The United States, Canada and Mexico put high expectations on the first round of North American Free Trade Agreement (NAFTA) renegotiations the begin on Wednesday.
Led by U.S. Trade Representative Robert Lighthizer, the U.S. aims to strike a more balanced deal with the two, and hope to support more high-paying jobs for Americans.
The total trade of U.S. with Canada and Mexico has more than tripled, reaching 1.3 trillion U.S. dollars, last year. But trade balance also changed at the same time. U.S. trade with Mexico shifted from a 1.7 billion U.S. dollars surplus in 1993 to a 55.6 billion U.S. dollars deficit in 2016.
In such a scenario, the first priority for the U.S. is to reduce trade deficit as it negotiates the new NAFTA rules.
Job growth is another area of focus for the U.S.. Increased exports under NAFTA have led to nearly five million new U.S. jobs, however, some 682,000 U.S. manufacturing jobs were lost as companies moved to Mexico because of cheap labor.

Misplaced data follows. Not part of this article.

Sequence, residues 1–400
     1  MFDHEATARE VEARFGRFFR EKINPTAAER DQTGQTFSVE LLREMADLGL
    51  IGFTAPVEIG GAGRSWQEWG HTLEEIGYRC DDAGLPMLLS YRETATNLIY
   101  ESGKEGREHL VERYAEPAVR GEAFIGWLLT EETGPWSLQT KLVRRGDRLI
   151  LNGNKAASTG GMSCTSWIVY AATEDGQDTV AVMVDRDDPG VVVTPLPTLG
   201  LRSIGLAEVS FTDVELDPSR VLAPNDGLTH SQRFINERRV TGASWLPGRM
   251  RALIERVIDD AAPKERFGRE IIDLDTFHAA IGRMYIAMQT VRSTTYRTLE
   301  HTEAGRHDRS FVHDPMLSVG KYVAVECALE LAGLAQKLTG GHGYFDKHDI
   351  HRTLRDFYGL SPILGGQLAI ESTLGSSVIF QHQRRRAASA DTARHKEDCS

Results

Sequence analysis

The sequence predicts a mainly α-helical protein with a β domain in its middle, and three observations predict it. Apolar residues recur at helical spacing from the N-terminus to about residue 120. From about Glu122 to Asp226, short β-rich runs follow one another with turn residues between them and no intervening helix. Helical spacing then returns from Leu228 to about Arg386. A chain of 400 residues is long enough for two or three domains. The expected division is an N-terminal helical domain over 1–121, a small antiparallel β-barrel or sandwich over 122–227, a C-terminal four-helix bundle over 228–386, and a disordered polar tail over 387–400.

This is why the U.S. President Donald Trump famously denounced NAFTA as "the worst trade deal maybe ever signed anywhere" during his campaign trail last year. Trump also threatened to pull out of the trade pact, claiming it has destroyed U.S. jobs.
While the U.S. negotiator said the three countries are "ambitious" in this first round of renegotiations, Canada and Mexico said they are looking for a constructive conversation.
Officials from Canada and Mexico also met ahead of the official NAFTA talks, and said the negotiations must be realistic, while hoping to reach a productive result with the U.S. over trade matters.
"We are looking forward to a productive, constructive conversation. And one of the reasons both Canada and Mexico are both extremely confident... is because we have been building now for some time a very strong relationship between the two countries," said Chrystia Freeland, Canadian Foreign Minister.